Minutes of the Federal Open Market Committee Meeting of August 17, 1993.A meeting of the Federal Open Market Committee was held in the offices of the Board of Governors of the Federal Reserve System Board of Governors of the Federal Reserve System
The managing body of the Federal Reserve System, which sets policies on bank practices and the money supply. in Washington, D.C., on Tuesday, August 17, 1993, at 9:00 a.m. Present:
Mr. Greenspan, Chairman
Mr. McDonough, Vice Chairman
Messrs. Broaddus, Jordan, Forrestal, and Parry,
Alternate Members of the Federal Open
Messrs. Hoenig, Melzer, and Syron, Presidents
of the Federal Reserve Banks of Kansas City Kansas City, two adjacent cities of the same name, one (1990 pop. 149,767), seat of Wyandotte co., NE Kansas (inc. 1859), the other (1990 pop. 435,146), Clay, Jackson, and Platte counties, NW Mo. (inc. 1850). ,
St. Louis, and Boston respectively
Mr. Kohn, Secretary and Economist
Mr. Bernard, Deputy Secretary
Mr. Coyne, Assistant Secretary
Mr. Gillum, Assistant Secretary
Mr. Mattingly, General Counsel
Mr. Patrikis, Deputy General Counsel
Mr. Prell, Economist
Messrs. R. Davis, Promisel, Rosenblum, Scheld,
Siegman, Simpson, and Slifman, Associate
Ms. Greene, Deputy Manager for Foreign
Ms. Lovett, Deputy Manager for Domestic
Mr. Ettin, Deputy Director, Division of Research
and Statistics, Board of Governors
Mr. Madigan, Associate Director, Division of
Monetary Affairs, Board of Governors
Mr. Stockton, Associate Director, Division of
Research and Statistics, Board of Governors
Ms. Johnson, Assistant Director, Division of
International Finance, Board of Governors
Ms. Low, Open Market Secretariat Secretariat, 1970–89, thoroughbred race horse. Trained by Lucien Laurin and ridden by Ron Turcotte, Secretariat won the Kentucky Derby, Preakness, and Belmont Stakes to capture the Triple Crown in 1973.
(foaled 1970) U.S. Assistant,
Division of Monetary Affairs, Board of
Messrs. Beebe, J. Davis, T. Davis, Dewald,
Goodfriend, and Ms. Tschinkel, Senior
Vice Presidents, Federal Reserve Banks of
San Francisco San Francisco (săn frănsĭs`kō), city (1990 pop. 723,959), coextensive with San Francisco co., W Calif., on the tip of a peninsula between the Pacific Ocean and San Francisco Bay, which are connected by the strait known as the Golden , Cleveland, Kansas City,
St. Louis, Richmond, and Atlanta respectively
Messrs. McNees, Meyer, and Miller, Vice
Presidents, Federal Reserve Banks of Boston,
Philadelphia, and Minneapolis respectively
Ms. Meulendyke, Manager, Open Market
Operations, Federal Reserve Bank of
New York New York, state, United States
New York, Middle Atlantic state of the United States. It is bordered by Vermont, Massachusetts, Connecticut, and the Atlantic Ocean (E), New Jersey and Pennsylvania (S), Lakes Erie and Ontario and the Canadian province of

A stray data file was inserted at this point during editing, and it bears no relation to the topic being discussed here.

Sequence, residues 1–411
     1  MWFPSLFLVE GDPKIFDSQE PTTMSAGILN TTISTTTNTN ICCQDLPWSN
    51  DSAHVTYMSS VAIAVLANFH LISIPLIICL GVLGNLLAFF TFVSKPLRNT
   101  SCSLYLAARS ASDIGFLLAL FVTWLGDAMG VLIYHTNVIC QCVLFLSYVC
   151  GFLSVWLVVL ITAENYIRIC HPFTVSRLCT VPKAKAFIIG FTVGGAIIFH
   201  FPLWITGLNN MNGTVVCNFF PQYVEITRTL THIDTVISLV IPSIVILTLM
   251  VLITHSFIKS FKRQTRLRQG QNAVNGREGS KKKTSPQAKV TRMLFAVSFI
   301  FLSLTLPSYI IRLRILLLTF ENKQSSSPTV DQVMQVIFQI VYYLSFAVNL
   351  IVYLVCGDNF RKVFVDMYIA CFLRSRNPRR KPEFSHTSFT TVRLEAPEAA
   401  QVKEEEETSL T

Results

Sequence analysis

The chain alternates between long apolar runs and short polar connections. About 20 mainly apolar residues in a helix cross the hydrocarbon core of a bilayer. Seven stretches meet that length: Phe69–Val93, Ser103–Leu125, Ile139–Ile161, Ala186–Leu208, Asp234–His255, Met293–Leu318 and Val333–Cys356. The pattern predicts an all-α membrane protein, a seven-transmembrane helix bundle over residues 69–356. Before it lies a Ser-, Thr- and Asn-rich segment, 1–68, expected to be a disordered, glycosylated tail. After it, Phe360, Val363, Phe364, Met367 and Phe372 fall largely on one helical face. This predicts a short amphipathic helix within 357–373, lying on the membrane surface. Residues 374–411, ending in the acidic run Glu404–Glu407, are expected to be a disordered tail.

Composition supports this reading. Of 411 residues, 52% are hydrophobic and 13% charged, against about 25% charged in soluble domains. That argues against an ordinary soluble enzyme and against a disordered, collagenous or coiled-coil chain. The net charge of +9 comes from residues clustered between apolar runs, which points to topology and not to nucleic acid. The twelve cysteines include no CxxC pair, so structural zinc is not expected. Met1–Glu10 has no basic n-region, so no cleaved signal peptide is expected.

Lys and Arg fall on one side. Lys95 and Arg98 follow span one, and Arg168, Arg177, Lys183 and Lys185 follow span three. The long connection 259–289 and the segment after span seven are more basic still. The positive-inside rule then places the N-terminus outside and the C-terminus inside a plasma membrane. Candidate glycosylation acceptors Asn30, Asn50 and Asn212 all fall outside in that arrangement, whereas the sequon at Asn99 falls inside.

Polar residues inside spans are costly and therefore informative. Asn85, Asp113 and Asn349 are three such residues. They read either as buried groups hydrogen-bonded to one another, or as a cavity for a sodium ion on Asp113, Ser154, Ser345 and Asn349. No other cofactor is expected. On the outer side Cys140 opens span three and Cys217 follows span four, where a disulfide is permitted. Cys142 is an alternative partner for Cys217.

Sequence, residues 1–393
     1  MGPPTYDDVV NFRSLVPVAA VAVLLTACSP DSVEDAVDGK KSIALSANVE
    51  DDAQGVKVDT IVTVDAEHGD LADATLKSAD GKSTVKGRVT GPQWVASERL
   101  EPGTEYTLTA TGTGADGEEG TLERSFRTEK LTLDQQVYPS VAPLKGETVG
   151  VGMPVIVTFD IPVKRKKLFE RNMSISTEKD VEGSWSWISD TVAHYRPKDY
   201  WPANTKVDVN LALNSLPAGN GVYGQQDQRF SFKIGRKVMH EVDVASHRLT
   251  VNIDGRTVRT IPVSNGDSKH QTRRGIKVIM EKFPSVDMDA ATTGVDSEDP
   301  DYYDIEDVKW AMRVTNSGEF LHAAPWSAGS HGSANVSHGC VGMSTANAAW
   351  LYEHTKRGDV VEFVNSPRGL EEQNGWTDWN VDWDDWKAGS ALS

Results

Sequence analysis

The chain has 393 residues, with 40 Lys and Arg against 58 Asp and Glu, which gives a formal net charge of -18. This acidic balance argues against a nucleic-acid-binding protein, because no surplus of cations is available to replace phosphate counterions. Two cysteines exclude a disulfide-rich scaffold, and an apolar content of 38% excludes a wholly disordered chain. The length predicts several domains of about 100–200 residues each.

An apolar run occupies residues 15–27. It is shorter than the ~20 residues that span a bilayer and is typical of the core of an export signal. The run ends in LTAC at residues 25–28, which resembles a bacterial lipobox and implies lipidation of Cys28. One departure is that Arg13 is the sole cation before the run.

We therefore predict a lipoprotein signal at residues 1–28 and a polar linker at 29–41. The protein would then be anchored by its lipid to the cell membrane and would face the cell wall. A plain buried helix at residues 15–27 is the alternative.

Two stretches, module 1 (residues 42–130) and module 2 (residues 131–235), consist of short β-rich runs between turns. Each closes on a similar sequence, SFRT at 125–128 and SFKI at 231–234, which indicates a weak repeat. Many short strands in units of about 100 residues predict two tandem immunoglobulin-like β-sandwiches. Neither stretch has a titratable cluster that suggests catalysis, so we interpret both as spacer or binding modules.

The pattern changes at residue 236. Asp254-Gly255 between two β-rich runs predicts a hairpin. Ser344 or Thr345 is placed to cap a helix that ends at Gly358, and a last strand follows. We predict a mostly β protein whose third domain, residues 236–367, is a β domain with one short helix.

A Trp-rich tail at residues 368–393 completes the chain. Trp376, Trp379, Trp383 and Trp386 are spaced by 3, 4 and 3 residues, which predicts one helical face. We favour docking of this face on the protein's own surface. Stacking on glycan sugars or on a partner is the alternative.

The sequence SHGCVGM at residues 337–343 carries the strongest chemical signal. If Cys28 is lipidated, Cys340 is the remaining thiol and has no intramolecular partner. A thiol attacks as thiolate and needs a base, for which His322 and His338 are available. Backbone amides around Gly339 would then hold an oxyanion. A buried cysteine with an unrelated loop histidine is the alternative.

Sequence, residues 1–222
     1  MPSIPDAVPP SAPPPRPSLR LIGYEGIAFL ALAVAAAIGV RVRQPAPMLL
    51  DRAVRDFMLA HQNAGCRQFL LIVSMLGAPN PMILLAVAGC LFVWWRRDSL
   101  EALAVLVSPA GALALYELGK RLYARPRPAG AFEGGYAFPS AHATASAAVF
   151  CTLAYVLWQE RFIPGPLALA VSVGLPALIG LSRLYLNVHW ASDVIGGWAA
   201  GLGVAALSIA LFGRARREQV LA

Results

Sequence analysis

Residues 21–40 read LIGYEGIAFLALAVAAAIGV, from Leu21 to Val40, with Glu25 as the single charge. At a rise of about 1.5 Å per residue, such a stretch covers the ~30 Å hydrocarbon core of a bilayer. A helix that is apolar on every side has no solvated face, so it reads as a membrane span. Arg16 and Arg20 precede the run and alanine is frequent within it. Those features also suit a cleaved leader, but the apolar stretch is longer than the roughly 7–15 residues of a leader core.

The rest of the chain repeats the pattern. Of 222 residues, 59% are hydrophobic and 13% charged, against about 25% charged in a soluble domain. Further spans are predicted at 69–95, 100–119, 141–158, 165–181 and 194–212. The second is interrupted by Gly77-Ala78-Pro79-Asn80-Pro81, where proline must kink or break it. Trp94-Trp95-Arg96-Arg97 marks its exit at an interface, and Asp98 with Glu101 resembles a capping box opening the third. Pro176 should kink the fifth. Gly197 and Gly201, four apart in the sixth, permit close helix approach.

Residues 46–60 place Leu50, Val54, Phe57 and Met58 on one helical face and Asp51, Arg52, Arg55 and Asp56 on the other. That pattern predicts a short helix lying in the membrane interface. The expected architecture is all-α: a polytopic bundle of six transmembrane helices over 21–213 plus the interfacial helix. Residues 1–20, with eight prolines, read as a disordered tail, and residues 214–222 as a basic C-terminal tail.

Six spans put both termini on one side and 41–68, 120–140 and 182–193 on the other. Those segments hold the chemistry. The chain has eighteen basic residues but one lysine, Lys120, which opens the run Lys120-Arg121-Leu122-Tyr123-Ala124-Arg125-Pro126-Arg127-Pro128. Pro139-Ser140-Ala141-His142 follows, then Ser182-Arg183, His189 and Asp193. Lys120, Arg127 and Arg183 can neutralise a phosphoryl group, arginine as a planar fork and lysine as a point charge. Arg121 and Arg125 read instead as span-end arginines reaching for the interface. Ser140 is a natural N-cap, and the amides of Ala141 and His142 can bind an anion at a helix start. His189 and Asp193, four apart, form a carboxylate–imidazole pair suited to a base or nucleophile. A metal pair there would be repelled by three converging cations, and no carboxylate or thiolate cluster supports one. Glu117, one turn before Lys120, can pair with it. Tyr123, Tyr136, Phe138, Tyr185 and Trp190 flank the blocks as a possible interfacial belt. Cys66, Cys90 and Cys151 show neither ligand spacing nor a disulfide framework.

By unanimous vote, the minutes for the meeting of the Federal Open Market Committee held on July 6-7, 1993, were approved.
Secretary's Note: Advice had been received of the election of William J. McDonough
William J. McDonough, vice chairman and special advisor to the chairman at Merrill Lynch & Co. Inc. by the Board of Directors of the Federal Reserve Bank of New York The Bank of New York, abbrieviated to BNY, was a global financial services company that existed until its merger with the Mellon Financial Corporation on July 2, 2007. The bank now continues under the new name of The Bank of New York Mellon Corporation. as a member of the Federal Open Market Committee for the period commencing July 19, 1993, and ending December 31, 1993, and that he had executed his oath of office An oath of office is an oath or affirmation a person takes before undertaking the duties of an office, usually a position in government or within a religious body, although such oaths are sometimes required of officers of other organizations. .
By unanimous vote, the Committee elected William J. McDonough as Vice Chairman of the Committee to serve until the first meeting of the Committee after December 31, 1993.
The Deputy Manager for Foreign Operations reported on developments in foreign exchange markets during the period since the July meeting. There were no System open market transactions in foreign currencies during this period, and thus no vote was required of the Committee.
The Deputy Manager for Domestic Operations reported on developments in domestic financial markets and on System open market transactions in government securities and federal agency obligations during the period July 7, 1993, through August 16, 1993. By unanimous vote, the Committee ratified rat·i·fy
tr.v. rat·i·fied, rat·i·fy·ing, rat·i·fies
To approve and give formal sanction to; confirm. See Synonyms at approve. these transactions.
The Committee then turned to a discussion of the economic and financial outlook and the implementation of monetary policy over the intermeeting period ahead. A summary of the economic and financial information available at the time of the meeting and of the Committee's discussion is provided below, followed by the domestic policy directive that was approved by the Committee and issued to the Federal Reserve Bank of New York.